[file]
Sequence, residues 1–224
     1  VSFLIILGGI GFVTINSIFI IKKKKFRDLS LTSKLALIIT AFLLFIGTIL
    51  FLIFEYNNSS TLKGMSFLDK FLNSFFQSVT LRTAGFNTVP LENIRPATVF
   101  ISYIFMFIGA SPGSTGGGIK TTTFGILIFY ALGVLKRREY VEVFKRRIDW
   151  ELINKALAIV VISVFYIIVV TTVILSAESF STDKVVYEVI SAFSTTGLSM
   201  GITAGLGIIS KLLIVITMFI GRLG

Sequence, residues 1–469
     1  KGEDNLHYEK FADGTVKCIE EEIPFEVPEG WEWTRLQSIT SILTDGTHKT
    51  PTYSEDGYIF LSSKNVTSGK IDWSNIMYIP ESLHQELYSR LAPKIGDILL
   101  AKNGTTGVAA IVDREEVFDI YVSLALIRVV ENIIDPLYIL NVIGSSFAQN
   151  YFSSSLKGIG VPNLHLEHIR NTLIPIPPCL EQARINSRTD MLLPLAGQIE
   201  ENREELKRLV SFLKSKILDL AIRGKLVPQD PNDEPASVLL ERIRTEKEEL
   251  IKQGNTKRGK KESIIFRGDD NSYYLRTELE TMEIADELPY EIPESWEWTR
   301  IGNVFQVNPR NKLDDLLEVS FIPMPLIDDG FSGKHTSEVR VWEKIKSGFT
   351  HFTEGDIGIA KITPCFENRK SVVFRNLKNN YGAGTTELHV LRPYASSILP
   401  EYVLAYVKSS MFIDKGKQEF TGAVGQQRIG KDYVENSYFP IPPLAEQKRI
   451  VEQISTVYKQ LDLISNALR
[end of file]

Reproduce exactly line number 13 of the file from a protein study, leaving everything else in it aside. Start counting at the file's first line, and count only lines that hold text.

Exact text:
   251  IKQGNTKRGK KESIIFRGDD NSYYLRTELE TMEIADELPY EIPESWEWTR